The future of 5G: How services will evolve
How enterprises understand, interact with, and derive value from their networks is being redefined. 5G, IoT, and the edge are working together to position CSPs, enterprises, and consumers to benefit, says Blue Planet’s Kailem Anderson.
Telcos should be both excited and cautious about the future of 5G networks. The technology has unprecedented game-changing potential for mobile network operators (MNOs) and communication service providers (CSPs), but it will require new business models and an agile, automated infrastructure to monetize it effectively. The question is, what kinds of services will recoup infrastructure investment? And how can that new infrastructure be used to build powerful revenue streams that will propel future business?
One thing is certain: Innovation can't stop at the network layer. Even with 5G, connectivity will become a commodity when broadly deployed worldwide, just as 4G/LTE is today. Instead, CSPs must integrate services that use communication as a platform for connected experiences rather than simply offering the communication capability alone. They must not let themselves be relegated to mere connectivity partners, shouldering the infrastructure investment while over-the-top (OTT) providers use it to scoop up higher-margin revenues.
Network Slicing Is Key to Monetizing 5G
Network slicing is key to this transformation. This 5G technology enables operators to logically partition network resources for different applications, use-cases, or customers. In doing so, it creates opportunities to cut bottom-line costs and increase top-line revenues through new services.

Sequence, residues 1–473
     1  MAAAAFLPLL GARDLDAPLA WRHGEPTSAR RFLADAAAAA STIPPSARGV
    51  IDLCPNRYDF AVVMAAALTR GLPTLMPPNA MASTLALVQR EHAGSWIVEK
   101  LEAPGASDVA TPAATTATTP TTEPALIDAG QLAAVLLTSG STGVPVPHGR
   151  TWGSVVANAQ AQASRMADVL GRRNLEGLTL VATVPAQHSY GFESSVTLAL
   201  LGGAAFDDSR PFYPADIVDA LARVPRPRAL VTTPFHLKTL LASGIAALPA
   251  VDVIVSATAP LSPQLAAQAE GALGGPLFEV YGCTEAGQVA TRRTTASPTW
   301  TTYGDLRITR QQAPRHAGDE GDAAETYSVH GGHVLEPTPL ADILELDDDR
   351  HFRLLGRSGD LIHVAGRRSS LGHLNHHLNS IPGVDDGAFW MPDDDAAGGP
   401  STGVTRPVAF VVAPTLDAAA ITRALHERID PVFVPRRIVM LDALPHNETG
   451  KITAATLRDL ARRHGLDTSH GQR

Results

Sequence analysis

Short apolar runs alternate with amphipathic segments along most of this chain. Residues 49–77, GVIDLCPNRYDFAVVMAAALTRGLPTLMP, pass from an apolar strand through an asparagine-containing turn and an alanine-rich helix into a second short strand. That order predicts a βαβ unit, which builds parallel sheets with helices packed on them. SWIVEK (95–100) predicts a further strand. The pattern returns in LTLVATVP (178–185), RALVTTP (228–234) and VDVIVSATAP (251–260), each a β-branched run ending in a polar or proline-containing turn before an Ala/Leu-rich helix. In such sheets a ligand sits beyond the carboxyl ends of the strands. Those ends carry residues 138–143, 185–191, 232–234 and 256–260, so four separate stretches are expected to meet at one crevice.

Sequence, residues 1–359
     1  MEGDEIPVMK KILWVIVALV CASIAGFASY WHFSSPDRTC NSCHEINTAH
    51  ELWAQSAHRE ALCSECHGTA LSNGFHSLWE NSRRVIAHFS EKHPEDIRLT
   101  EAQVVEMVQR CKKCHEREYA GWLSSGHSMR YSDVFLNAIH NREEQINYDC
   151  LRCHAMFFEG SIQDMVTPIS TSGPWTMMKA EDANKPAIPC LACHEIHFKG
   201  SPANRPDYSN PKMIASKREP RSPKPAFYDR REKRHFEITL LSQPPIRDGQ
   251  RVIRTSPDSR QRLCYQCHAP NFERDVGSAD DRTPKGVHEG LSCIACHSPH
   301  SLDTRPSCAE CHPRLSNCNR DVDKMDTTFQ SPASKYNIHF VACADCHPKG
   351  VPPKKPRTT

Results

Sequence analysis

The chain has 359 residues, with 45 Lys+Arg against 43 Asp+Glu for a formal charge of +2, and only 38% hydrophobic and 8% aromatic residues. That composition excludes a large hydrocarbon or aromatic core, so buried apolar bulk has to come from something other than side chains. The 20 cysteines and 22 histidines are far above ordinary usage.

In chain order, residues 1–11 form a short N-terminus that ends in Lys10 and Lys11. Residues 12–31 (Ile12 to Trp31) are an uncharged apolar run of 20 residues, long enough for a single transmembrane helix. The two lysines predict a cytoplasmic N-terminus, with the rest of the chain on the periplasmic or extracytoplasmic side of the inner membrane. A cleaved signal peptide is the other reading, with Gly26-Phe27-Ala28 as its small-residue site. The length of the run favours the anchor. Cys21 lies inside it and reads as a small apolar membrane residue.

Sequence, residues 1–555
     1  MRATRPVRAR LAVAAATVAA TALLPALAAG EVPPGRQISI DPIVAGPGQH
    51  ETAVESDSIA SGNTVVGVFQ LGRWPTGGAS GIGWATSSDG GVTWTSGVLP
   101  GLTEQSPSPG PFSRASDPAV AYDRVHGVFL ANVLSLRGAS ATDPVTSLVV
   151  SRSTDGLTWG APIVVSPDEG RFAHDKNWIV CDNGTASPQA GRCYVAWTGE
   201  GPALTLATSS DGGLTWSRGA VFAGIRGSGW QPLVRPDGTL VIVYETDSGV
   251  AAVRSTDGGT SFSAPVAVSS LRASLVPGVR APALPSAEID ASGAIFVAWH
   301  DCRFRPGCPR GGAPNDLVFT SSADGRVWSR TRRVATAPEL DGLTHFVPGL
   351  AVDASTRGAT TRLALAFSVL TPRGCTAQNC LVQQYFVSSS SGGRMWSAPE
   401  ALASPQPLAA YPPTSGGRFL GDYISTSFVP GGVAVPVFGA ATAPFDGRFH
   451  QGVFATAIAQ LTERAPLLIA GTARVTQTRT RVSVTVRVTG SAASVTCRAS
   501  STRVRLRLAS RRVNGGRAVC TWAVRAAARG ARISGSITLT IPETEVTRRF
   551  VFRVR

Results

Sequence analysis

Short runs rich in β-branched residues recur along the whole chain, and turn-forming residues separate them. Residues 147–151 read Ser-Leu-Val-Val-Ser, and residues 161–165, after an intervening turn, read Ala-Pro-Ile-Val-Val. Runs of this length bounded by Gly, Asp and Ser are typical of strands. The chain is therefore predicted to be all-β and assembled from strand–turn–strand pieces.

On the cost savings side, network slicing minimizes capital expenditure because it allows operators to reallocate resources on demand over common infrastructure when a specific end-user, human or machine, isn't using them. Beyond that, it also offers the opportunity to increase revenues from tailored services that address specific customer segments. Rather than offering a single class of service that not all customers will find useful, operators can offer differentiated services on a per-customer basis that enterprise and residential users will find more appealing.
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Smart CSPs will use network slicing along with the unique properties of 5G networks—such as speed, density, and ultra-low latency communications—to find new use cases.
PwC advises telcos to do this by partnering with OTT providers, recasting themselves as solution enablers who bundle and resell third-party services to customers (Source: PwC, Making 5G pay, February 2019). Operators can also use these partnerships to become solution creators, integrating third-party offerings to create entirely new propositions for customers. New services such as virtual reality bundled with unique content might be the way to squeeze more revenues from specific consumer groups, such as gamers, rather than simply offering faster or cheaper connectivity.
On the other hand, enterprise customers have already bought into 5G. According to Deloitte, 86 percent of networking executives believe that advanced wireless will transform their organization within three years (Source: Deloitte, Enterprises building their future with 5G and Wi-Fi 6, June 2020).